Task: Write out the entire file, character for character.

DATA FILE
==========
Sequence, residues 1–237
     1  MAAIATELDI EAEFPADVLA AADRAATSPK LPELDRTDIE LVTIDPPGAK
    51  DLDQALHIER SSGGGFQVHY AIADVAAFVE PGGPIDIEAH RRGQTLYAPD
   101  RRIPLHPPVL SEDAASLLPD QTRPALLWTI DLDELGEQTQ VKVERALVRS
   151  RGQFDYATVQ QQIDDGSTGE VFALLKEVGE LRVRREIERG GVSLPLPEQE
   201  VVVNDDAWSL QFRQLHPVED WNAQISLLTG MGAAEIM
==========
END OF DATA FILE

Sequence, residues 1–237
     1  MAAIATELDI EAEFPADVLA AADRAATSPK LPELDRTDIE LVTIDPPGAK
    51  DLDQALHIER SSGGGFQVHY AIADVAAFVE PGGPIDIEAH RRGQTLYAPD
   101  RRIPLHPPVL SEDAASLLPD QTRPALLWTI DLDELGEQTQ VKVERALVRS
   151  RGQFDYATVQ QQIDDGSTGE VFALLKEVGE LRVRREIERG GVSLPLPEQE
   201  VVVNDDAWSL QFRQLHPVED WNAQISLLTG MGAAEIM